Since the Tahrir Square demonstrations and President Mubarak’s ouster in February 2011, threats to Egyptian Christians have come from both the usual Islamic-mob-inspired-by-local-Imam-after-Friday-prayers scenario and increasingly from the military and security forces. For instance, in February of 2011, two Coptic monasteries were attacked by the army because they had built walls to protect themselves from looters and criminals set loose from prisons by anti-Mubarak rebels.
Then in March, a mob of Islamists burned down the Church of the Two Martyrs in Sool, a village south of Cairo, after the local Imam issued a call for them to “kill all the Christians.” The pastor, who was almost killed in the fire, said that the clamor of the church being destroyed “sounded like hatred.” And villagers describing the scene to Compass Direct News Service said that the mob broke into the church chanting, “Allalu Akbar,” looting it, demolishing the walls with sledgehammers, and setting a fire.
“Looters removed anything valuable, including several containers holding the remains of venerated Copts – most of whom were killed in other waves of persecution – then stomped and kicked the containers like soccer balls,” witnesses told Compass Direct. More churches and Christian properties were attacked and burned and Christians killed and injured throughout 2011, leading up to the attack at the Maspero Building.
Egypt’s Christians had hopes that the Arab Spring would be for them, as well as for Muslims. Sadly, Egypt’s transformation has increased the influence and power of Islamic extremists in the country. This is unfortunate for all, but as is evident, it is lethal for the Christians. In the words of one Coptic Christian from New Jersey to The Washington Post, “We Christians have faced Islamic oppression for 1400 years, but now it is getting much more ugly.” And they wonder what new problems Egypt’s coming elections will bring. Some even suggest that the only solution is for all the Copts to leave their homeland, but American Copts hope that the United States will help their co-religionists and other vulnerable minorities in Egypt.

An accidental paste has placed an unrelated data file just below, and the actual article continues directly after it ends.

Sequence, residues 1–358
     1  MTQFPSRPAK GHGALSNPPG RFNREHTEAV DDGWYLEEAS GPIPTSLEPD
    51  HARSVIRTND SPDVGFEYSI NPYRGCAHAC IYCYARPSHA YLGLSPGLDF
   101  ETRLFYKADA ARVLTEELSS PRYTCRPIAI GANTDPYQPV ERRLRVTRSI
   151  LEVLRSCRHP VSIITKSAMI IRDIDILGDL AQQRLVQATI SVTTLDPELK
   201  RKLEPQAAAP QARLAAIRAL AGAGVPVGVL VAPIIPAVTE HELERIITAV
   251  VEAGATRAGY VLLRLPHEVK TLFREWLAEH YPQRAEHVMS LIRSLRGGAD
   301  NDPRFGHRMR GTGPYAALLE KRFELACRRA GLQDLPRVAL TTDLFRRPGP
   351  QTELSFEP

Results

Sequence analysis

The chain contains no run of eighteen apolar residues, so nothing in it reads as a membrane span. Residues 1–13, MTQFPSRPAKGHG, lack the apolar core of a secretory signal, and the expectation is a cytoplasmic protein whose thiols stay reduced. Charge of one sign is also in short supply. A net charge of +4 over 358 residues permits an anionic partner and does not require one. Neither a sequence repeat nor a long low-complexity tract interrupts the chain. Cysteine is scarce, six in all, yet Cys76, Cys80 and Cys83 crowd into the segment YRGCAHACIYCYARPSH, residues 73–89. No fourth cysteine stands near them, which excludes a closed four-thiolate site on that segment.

So far the response of the Obama administration to the attack on the Copts has been underwhelming. An October 10 White House statement by the Press Secretary featured the typical moral equivalency also found in statements about Israel, Sudan, and elsewhere, expressing the President’s deep concern about “the tragic loss of life among demonstrators and security forces.”
The President’s statement did stress that the rights of minorities and their religious freedom must be respected. But the takeaway from the remarks was the breathtaking admonition, “Now is a time for restraint on all sides.” White House Dossier reporter, Keith Koffler, says that Obama is “not only equating the deaths of peaceful protestors and their killers, but he is suggesting that Egypt’s increasingly persecuted Christian minority should show as much ‘restraint’ as their tormentors and refrain from vigorously objecting to the growing abuse.”
There is a stronger response to the Copts’ dilemma at the other end of Pennsylvania Avenue. One recent action in Congress that may help Coptic Christians and other religious minorities is a bill introduced in the House by U.S. Rep. Frank R. Wolf (H.R. 440), the co-chair, along with U.S. Rep. Anna Eshoo (D-CA) of the Religious Minorities in the Middle East Caucus in the House of Representatives.
The legislation, calling for the establishment of a special envoy to promote religious freedom of religious minorities in the Near East and South Central Asia, passed overwhelmingly in the House. Now the Senate version (S. 1245), introduced by Senator Roy Blunt (R-MO), is languishing in the Senate Foreign Relations Committee. But the American Copts hope that hearings on the atrocities taking place, along with other publicity and the full enactment of the bill, will give voice and support to those who have not felt the warmth of spring in their experience of Egypt’s transformation.
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